Tzvi Avni

Summer Strings
string quartet no. 1

מק"ט: IMI 31
שנת כתיבה: 1962
משך היצירה: 10 דקות
מו"ל: מכון למוסיקה ישראלית
מילות מפתח:
Violin, Violin, Viola, Violoncello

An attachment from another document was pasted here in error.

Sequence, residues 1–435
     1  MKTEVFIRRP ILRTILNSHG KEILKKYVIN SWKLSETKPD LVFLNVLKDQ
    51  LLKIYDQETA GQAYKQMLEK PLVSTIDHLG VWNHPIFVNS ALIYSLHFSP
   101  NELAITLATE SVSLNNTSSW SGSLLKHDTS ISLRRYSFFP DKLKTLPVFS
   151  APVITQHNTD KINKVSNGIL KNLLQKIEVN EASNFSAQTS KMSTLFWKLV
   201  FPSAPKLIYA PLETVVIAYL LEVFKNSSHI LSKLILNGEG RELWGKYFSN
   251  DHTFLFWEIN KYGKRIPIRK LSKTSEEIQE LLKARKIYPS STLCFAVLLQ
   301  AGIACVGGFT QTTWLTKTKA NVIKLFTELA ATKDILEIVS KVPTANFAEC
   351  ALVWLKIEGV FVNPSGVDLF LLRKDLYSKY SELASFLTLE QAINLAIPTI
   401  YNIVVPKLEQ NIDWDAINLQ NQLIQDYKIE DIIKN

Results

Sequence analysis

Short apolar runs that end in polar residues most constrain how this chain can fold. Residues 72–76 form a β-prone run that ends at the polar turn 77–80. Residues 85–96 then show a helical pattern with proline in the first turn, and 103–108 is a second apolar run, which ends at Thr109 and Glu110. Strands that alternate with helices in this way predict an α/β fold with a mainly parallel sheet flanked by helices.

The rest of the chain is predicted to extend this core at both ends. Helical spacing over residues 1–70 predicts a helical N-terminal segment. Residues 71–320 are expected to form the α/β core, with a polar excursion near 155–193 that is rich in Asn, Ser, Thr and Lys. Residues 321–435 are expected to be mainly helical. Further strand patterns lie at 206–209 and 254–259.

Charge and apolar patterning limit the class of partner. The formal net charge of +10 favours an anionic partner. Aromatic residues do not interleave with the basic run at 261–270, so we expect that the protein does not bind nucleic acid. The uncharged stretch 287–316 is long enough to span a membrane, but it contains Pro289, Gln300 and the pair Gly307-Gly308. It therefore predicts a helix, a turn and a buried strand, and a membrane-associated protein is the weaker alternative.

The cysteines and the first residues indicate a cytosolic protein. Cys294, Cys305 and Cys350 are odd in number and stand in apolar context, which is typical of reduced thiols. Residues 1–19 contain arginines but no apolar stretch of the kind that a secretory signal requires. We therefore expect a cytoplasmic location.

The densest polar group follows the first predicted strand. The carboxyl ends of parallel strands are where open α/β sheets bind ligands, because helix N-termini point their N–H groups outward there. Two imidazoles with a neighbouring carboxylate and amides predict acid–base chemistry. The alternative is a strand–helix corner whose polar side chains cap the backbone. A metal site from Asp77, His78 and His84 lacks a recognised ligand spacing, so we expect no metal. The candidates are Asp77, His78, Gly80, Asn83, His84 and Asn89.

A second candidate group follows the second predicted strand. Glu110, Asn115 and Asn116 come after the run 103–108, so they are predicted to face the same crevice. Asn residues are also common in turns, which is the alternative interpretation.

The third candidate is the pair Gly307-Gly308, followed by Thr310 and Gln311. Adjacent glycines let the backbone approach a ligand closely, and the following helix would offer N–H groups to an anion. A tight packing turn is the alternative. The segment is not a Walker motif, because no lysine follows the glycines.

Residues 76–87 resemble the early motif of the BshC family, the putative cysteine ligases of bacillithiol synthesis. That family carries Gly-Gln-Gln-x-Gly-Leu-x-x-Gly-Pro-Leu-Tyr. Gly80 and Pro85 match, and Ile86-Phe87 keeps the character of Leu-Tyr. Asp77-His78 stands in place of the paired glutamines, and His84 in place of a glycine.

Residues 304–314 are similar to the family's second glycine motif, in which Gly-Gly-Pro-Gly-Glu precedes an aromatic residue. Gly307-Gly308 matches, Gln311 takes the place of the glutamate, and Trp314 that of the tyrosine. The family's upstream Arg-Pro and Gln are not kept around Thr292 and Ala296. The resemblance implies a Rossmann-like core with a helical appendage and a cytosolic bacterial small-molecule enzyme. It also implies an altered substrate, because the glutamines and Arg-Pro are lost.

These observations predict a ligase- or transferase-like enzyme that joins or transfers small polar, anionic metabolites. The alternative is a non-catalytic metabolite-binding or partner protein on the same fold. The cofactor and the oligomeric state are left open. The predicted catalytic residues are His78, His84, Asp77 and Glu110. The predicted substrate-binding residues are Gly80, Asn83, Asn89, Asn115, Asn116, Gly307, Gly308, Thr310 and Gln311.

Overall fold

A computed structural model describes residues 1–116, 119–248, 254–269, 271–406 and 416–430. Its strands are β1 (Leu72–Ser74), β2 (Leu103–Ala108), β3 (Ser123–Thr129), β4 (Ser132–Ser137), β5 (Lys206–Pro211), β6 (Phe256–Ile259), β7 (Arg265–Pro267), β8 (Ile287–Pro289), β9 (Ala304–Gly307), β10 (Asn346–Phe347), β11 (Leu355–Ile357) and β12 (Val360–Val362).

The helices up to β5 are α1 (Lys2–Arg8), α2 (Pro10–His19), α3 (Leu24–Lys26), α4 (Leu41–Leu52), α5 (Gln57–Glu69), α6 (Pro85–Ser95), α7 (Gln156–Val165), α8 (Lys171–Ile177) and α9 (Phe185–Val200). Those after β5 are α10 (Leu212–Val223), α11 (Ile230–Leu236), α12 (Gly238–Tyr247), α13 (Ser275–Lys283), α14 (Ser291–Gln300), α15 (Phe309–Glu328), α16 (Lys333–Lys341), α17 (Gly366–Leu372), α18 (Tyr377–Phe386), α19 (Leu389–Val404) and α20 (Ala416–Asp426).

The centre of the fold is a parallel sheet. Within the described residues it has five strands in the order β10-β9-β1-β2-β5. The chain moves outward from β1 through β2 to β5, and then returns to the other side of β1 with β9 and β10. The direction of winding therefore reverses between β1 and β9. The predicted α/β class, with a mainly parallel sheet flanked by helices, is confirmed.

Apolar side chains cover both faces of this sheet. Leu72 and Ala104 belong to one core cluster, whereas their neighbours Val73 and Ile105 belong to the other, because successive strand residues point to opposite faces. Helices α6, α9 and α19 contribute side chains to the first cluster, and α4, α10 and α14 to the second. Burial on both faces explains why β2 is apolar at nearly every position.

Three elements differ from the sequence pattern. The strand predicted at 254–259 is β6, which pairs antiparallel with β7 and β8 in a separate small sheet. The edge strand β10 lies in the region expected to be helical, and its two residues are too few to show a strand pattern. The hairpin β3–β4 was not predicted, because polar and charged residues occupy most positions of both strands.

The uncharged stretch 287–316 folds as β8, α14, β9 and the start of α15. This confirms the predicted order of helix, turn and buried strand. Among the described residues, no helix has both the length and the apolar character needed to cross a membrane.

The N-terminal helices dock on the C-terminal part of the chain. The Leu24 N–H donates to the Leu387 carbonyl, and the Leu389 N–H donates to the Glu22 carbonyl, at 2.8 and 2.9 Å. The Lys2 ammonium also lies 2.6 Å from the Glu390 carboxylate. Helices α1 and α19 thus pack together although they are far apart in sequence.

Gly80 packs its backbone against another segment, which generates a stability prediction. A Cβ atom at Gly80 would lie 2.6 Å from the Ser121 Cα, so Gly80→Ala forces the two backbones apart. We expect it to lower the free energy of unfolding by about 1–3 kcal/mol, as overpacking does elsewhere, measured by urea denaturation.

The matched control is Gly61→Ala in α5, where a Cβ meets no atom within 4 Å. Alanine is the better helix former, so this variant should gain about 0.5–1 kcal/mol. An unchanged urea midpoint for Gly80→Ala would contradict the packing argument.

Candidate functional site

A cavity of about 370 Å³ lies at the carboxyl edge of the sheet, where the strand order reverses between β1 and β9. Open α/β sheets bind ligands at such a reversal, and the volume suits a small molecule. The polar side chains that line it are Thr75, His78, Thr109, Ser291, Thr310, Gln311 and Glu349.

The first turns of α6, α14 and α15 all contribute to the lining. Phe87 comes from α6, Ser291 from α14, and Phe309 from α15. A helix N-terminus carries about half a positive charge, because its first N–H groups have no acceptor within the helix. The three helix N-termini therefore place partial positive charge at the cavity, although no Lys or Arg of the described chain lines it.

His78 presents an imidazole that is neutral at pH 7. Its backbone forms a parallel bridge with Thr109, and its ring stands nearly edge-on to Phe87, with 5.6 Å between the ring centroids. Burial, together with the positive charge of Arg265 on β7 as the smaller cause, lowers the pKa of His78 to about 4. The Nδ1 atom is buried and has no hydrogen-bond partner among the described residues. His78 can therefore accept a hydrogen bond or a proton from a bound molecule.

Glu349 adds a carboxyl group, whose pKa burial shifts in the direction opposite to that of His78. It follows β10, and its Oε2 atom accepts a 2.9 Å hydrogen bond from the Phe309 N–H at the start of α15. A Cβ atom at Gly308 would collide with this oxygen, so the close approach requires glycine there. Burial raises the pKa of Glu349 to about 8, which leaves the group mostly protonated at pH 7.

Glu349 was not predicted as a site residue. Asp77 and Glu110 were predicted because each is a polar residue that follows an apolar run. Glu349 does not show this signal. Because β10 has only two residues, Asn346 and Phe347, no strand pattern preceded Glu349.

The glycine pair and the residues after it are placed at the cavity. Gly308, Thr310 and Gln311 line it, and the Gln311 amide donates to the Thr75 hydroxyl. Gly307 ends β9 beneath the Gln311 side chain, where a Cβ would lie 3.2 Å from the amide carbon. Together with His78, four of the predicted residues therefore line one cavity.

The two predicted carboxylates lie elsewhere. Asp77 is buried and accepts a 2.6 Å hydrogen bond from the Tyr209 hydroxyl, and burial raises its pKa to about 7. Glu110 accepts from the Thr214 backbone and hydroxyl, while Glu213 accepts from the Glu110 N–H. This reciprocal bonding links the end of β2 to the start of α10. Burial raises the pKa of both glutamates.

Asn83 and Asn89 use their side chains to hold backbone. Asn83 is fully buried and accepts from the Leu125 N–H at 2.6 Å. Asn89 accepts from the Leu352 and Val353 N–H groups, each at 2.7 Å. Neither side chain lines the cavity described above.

Tzvi Avni’s Summer Strings, the first of the Israeli composer’s two string quartets by other names, is a busy, colorful, and robustly energetic work. Many of its elements—the propulsive motor rhythms, shifting, asymmetrical meters, terse motivic cells, and modal-sounding melodies—strongly suggest the influence of Bartók. Yet Avni’s music has its own distinctive character, a cosmopolitan blend of Middle European rigor and Mediterranean exuberance, seasoned with a healthy dash of Middle Eastern folk motives. Summer Strings, written in 1962, antedates this watershed in his musical development. Its sound world, although recognizably avant garde in its density and dissonance, still falls well within the mainstream of mid-20th century concert music. A resourceful tone painter, Avni employs such special string effects as mutes, harmonics, glissandos, tremolos, and sul ponticello technique (bowing above the fingerboard) to extend his palette of colors and textures. The titles of the four short movements—Destination, Argument, Variations Without Theme, and Interweaving—are more quizzical than informative. In any case, it seems fruitless to parse them for clues to extramusical meanings. If Summer Strings is “about” anything, it is about pure sound. Although it takes barely 10 minutes to perform, the abundance of musical ideas leaves the impression of a much more substantial work.